Waves don’t die

The covers of the slapdash tribute magazines for Muhammad Ali at the supermarket checkout counters all depicted him as a young man. That’s to be expected: It’s a lot more savory to recall Ali as the beautiful dynamo who conquered Sonny Liston than as the aged sentinel humbled by his own hubris.

That said, I’ve always found it potentially more instructive to consider those older years, when he silently dealt with physical and neurological adversity in the most dignified way possible. That was how Ali was when I met him at an autograph show the day after I graduated high school in 1997.

I used to go to a lot of these shows, where for better and worse you get what you pay for: a brief audience with someone you admire while Sharpie-waving grown men circle like sharks. Looking back, it seems out of place for Ali to have ever been part of such an inelegant scene. Still, even sitting on a folding chair under a sign with his name on it — as if anyone didn’t know who he was — his quiet elegance projected that he remained well above the fray.

Ali deserved to be alone on any marquee, but he shared top billing that day with a Dallas Cowboys reunion, featuring players from various generations scattered around a hotel ballroom. Besides meeting Ali, I somehow found myself in a surprisingly contentious disagreement about something or other with Michael Irvin, which should tell you a lot about me as a 17-year-old.

Having reached a truce with Irvin, I got on a long line to meet Ali with my dad and my friend Rob. I just couldn’t stop staring at him — his physical features, like everything else about him, were so iconic — and at some point, Ali took notice. Raising his left hand, he pointed at me menacingly, then made a fist and playfully punched his palm a few times.


Much like Derek Jeter when Ali did basically the same thing to him, I had no idea what to do with myself, settling on nervous laughter. Years later, I’ve come to cherish that momentary connection — it’s not every day that one of the greatest fighters ever pantomimes that he’s going to beat you up — though I wish I’d better understood what was happening at the time.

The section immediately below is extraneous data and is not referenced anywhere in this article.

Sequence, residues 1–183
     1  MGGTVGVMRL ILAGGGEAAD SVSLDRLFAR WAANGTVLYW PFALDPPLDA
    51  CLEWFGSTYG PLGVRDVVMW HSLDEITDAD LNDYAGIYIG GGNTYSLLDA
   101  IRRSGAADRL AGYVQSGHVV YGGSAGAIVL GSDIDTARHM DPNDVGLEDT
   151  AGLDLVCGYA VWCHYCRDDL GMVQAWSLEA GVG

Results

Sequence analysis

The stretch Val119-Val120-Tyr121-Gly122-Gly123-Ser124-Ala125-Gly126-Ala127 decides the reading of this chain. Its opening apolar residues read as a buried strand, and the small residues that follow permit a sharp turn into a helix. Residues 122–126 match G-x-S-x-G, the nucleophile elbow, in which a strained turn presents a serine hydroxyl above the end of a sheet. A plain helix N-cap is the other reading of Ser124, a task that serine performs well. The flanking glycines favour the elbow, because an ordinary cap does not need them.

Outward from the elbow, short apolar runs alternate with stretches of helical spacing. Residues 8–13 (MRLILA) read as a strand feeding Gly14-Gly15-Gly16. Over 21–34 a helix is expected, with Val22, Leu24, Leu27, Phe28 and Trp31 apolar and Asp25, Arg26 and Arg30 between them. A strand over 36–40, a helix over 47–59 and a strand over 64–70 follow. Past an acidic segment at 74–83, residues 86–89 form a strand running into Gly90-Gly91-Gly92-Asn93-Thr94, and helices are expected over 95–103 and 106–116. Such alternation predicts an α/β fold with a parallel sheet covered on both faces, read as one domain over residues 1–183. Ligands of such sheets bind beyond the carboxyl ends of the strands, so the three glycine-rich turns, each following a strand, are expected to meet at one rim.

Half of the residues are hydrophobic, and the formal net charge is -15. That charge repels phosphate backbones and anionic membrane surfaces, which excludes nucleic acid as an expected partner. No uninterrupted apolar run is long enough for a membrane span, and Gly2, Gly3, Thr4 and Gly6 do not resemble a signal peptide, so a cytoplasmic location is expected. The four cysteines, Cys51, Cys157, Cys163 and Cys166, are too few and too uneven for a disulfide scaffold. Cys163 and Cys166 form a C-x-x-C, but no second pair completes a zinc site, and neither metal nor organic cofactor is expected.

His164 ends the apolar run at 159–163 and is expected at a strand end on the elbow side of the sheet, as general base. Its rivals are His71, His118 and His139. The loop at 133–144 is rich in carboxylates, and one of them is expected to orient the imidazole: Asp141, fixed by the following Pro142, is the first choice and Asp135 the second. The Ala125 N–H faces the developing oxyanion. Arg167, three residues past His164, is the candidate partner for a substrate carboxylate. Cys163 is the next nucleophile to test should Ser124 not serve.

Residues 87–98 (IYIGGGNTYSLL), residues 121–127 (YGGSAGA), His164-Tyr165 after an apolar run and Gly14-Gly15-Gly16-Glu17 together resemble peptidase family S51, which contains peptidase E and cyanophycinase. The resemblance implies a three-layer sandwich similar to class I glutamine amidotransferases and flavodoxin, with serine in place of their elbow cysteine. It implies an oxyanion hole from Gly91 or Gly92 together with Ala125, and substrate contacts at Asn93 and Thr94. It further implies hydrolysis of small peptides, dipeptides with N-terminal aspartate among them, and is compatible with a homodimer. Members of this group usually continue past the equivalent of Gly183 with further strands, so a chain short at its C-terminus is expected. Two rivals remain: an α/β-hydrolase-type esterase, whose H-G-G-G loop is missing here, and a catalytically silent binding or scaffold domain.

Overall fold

I also would have liked a better picture with him; Ali looks terrific, but I’m wearing a crooked smile. But then, perhaps this was fitting: When my dad snapped the photo, I was in the middle of letting Ali know how much meeting him meant to me.


That fall, I hung an Ali poster in my freshman dorm room and began to explore a fledgling boxing fandom based on Arturo Gatti’s guts, Oscar De La Hoya’s charm and Roy Jones’ swagger. I stayed in that year on Halloween specifically to watch Prince Naseem’s Thriller-inspired entrance on my 19-inch television; Larry Merchant called his act “a cross of Michael Jackson and a belly dancer,” but I kind of dug it.

My love of boxing blossomed from there, and when I read Thomas Hauser’s excellent Ali biography after college, I finally understood just how important he was. His physical genius offered him a significant platform, and he was one of the few to take full advantage of it, sacrificing precious years of his athletic prime for the sake of his political convictions and racial identity.